Ukraine vs. United States: Looking back on our five focal points

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Wednesday’s match in Cyprus was all about the U.S. Men’s National Team’s depth chart: who was staking a claim to a starting spot; who was putting themselves in contention for the 23-man team; and who was trying to earn a place on May’s 30-man preliminary roster. In an ideal situation, Jurgen Klinsmann would have seen players hungry to improve their stock make life difficult for the Major League Soccer players who couldn’t make the trip. The depth chart would have been complicated.

The 2-0 loss to Ukraine did anything but. A flat performance defined by defensive mistakes, midfield ineffectiveness, and a lack of chances gave the U.S. nothing positive to take into new month’s friendly against Mexico. With most of today’s squad unlikely to feature in that out-of-window friendly, players like Sacha Kljestan will be left watching their competition try to make the impact Wednesday’s team could not.

(MORE: Ukraine 2-0 USA: Disjointed U.S. display sees fired up Ukraine prevail)

Last night, we identified five areas of focus for the U.S. national team. Here’s how they played out:

1. Geoff Cameron‘s chance to lay claim to the right back spot

How Cameron did depends on who you ask. Joe Prince-Wright felt he vaulted himself to the top of the right back depth chart, though as Cameron stood staring at a Ukraine attacker that had drifted into his channel ahead of a first half cross, you couldn’t help but wonder if the Stoke City starter had tuned out. Would Brad Evans had made the same mistake?

After taking two steps toward the middle of the field, Cameron allowed his Ukrainian mark to settle in the space between himself and Oguchi Onyewu (turned toward the left flank). Moments later, after a successful cross for Cameron’s man helped beat the U.S. defense, an offside call saved the Americans from conceding a second goal. On a ball Cameron should have positioned himself to attack, the U.S. nearly conceded a goal.

That was one of Cameron’s bad points. A more apropos moment came earlier when Cameron was isolated against Yevhen Konoplyanka. The Dnipro Dnipropetrovsk winger, through multiple moves, initially had trouble shaking the U.S. right back. Eventually, however, Konoplaynka was able to create room toward the line to float a left-footed cross near post.

Compared to the rest of the defense, Cameron’s day was fine, but that’s comparing a bent fender to a caved in engine compartment. Still not providing much of wide as the U.S. builds through the middle, Cameron didn’t help his stock on Wednesday. Unlike the rest of the defense, though, he didn’t hurt it, either.

(MORE: Three things we learned in USA’s defeat to Ukraine)

source: Getty Images2. Is Jermaine Jones carrying any rust?

Jones’ performance in front of the defense was consistent with somebody who has played one club game in two months. In the first half, as the deepest man in midfield, he often failed to provide a third passing option for his center backs, who were often left to play back to Tim Howard. Jones compounded that problem with an inability to serve as an outlet when the ball reached the attackers. Though he improved as the game went on, Jones’s overall performance was languid, one that looked especially ineffective in the absence of Michael Bradley.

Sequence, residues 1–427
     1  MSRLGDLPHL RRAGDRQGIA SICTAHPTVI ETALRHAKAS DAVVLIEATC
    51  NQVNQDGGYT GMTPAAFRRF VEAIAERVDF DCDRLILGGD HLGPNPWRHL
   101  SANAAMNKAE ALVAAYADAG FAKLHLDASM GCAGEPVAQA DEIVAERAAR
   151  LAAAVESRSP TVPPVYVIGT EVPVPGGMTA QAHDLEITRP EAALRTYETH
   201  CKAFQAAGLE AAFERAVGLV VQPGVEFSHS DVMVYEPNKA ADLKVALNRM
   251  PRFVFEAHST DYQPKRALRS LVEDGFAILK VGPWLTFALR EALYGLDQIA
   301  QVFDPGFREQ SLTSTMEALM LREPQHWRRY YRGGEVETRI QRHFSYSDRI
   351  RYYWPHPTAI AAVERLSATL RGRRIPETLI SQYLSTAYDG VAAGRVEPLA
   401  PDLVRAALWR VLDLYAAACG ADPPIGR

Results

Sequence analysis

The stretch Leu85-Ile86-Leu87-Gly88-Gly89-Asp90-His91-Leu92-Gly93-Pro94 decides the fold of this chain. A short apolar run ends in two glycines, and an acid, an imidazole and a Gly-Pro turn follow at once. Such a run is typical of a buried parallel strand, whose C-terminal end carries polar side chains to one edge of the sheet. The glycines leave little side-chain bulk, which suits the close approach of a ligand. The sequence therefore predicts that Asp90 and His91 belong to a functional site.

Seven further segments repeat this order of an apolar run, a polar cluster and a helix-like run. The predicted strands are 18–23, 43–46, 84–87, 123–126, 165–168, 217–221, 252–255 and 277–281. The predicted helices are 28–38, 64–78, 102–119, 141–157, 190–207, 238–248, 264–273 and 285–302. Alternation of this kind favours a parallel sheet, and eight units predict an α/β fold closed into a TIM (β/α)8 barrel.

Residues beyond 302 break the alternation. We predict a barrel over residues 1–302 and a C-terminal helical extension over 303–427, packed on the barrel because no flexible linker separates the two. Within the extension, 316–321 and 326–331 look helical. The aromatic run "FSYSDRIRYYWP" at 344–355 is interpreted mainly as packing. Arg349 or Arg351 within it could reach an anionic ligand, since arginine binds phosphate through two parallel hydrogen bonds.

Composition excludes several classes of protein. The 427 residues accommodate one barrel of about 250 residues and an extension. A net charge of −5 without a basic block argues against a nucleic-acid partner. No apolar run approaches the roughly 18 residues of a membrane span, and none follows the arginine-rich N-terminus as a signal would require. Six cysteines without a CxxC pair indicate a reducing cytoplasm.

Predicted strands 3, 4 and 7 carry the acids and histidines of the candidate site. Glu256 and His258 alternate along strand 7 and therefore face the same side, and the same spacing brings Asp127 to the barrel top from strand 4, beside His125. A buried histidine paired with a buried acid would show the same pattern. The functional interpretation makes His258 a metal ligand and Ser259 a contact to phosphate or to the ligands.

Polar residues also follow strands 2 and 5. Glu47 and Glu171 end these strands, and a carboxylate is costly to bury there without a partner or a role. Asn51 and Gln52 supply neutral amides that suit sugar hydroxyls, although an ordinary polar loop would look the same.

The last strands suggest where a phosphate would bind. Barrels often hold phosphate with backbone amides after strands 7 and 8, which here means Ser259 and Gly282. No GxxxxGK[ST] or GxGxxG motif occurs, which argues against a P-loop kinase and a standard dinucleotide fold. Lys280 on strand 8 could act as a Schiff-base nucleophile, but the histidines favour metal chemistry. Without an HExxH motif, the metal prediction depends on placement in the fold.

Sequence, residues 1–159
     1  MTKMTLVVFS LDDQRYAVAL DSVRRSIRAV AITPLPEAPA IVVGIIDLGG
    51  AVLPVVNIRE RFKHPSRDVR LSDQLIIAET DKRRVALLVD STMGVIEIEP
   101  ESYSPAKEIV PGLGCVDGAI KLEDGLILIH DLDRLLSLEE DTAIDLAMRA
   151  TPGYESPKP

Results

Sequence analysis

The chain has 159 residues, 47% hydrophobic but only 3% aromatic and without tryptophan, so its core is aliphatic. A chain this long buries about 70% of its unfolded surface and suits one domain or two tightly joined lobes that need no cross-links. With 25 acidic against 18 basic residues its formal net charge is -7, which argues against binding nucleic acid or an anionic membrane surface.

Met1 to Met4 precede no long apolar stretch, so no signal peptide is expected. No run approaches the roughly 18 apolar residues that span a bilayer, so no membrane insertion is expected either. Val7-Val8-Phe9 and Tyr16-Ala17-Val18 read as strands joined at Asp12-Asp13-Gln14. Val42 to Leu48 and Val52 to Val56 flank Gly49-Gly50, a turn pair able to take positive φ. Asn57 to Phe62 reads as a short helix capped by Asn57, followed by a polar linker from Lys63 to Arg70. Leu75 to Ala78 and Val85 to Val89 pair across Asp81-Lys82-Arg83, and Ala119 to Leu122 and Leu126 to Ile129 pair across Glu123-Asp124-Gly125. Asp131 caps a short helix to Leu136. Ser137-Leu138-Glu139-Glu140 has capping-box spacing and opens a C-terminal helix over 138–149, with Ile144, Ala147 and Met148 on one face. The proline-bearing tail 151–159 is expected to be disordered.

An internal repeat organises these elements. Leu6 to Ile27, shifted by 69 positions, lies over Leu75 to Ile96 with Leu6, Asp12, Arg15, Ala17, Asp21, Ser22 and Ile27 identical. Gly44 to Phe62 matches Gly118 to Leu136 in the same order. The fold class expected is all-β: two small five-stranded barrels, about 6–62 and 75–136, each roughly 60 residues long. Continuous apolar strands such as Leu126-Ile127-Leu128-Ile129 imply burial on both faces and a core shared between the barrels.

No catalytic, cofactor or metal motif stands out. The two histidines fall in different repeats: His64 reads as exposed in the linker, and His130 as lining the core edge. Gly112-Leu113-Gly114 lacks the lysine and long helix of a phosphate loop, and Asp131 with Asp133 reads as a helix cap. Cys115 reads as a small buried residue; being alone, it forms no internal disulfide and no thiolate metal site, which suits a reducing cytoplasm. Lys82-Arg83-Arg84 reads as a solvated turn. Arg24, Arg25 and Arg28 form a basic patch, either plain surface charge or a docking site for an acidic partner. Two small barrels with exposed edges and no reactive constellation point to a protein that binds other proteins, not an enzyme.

3. Will “U.S. Jozy Altidore” transcend “Sunderland Jozy Altidore”?

Jozy Altidore was one of the few players who looked decent from the opening kickoff, but with the U.S. unable to build many decent opportunities, Altidore was given few chances to play beyond ‘decent’. Some nice work holding up play led to a few forays forward before intermission, but ultimately, Altidore was unable to pose a meaningful threat on Andriy Pyatov’s goal.

Given the U.S.’s problems all over the field, there’s a risk of being too harsh on Altidore, yet the kind of descriptions you read above could apply to almost any of Altidore’s performances at Sunderland. At some point, hard work is not enough for a forward, and while one game with the U.S. isn’t enough to pass judgment on his suitability for Brazil, this game’s fit in a bigger, unproductive pattern is one of the most worrying parts of the current national team.

4. Wanted: Clint Dempsey of 2012.

Speaking of fitting into patterns, Wednesday’s Dempsey looked eerily similar to the man who struggled to get anything going at the end of the 2012 season for Seattle. In the first half, with the U.S. midfield broken, Dempsey was forced to drop deeper and deeper to get the ball, taking him out of position to do what he does best – pick up opportunistic goals.

This will be the key to Seattle’s season, but it may also define whether the U.S. can threaten to get out of their World Cup group: When will Dempsey’s teams stop trying to make him into something he’s not. With good technical skill, it’s tempting, even logical, to say ‘We need to get Clint on the ball more.’ After two years of seeing teams do this, it’s time to admit: Dempsey is not that type of guy.

Find another plan. Tweak the system. Bring in other players, or just go back to the drawing board. As Sounders fans now know, if you’re starting Dempsey underneath a striker and counting on him to be a focal point in a  possession game, you’re going to see a lot of performances like today’s. Perhaps this was a worst case scenario, but it was still another example of Dempsey’s versatility being used against him.

As has been the case since he left Fulham (in 2012), Dempsey wasn’t put in a position to succeed. As a result, his day in Cyprus was an ineffectual one.

source: Getty Images5. Midfield spots up for grabs

Jones’s partner on Wednesday, Sacha Kljestan, didn’t help his case. If anything, he highlighted the contrast between him and Mix Diskerud.